More info here

L’emozione della vertigine. Capri – Cortina.

Inaugura a Capri il 18 luglio, nell’ambito della VII edizione del festival della fotografia organizzato dalla Fondazione Capri, la mostra fotografica che attraverso le immagini di Massimo Siragusa mette in mostra le similitudini e le caratteristiche intrinseche di due territori riconosciuti come ambasciatori dello stile Made in Italy.
La mostra dopo Capri si trasferirà in alta quota, proprio a Cortina d’Ampezzo, per la stagione invernale. E a seguire, la destinazione sarà il mondo.

Sono Capri e Cortina d’Ampezzo le protagoniste della settima edizione del Festival di fotografia di Capri che, nell’edizione del 2015, proporrà le opere di Massimo Siragusa, a cura di Denis Curti.
L’emozione della vertigine. Capri – Cortina. Questo il titolo dell’esposizione fotografica che presenta due località di prestigio con identità paesaggistiche evidenti. L’indagine fotografica prende il via proprio dalle molte similitudini tra Capri e Cortina. Entrambi i luoghi sono tra i massimi punti di riferimento per il turismo di qualità ed entrambi sono caratterizzati dalla presenza forte della montagna. Ed è proprio tra questi spiragli che esplodono lo sguardo progettuale di Siragusa e la sua idea di racconto del paesaggio attraverso l’emozione della verticalità, della vertigine, delle altezze.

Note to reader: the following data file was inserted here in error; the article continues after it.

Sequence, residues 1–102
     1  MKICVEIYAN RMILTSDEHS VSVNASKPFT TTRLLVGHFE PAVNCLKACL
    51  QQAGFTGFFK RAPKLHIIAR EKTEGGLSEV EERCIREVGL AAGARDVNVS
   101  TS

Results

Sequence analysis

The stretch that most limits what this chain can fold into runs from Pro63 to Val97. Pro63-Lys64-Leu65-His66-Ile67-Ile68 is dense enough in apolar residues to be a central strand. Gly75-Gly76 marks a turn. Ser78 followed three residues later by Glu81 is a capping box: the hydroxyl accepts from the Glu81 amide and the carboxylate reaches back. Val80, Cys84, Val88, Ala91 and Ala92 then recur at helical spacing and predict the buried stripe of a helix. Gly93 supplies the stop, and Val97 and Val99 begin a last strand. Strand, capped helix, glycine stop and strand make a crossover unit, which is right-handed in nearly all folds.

Due destinazioni recentemente entrate a fare parte dei “Territori di Eccellenza” di Altagamma, la Fondazione che dal 1992 riunisce le imprese dell’alta industria culturale e creativa italiana.

Le immagini di Massimo Siragusa verranno esposte dal 19 luglio al 30 agosto presso la Certosa di San Giacomo a Capri, per poi “volare” in alta quota, nella Regina delle Dolomiti durante la stagione invernale.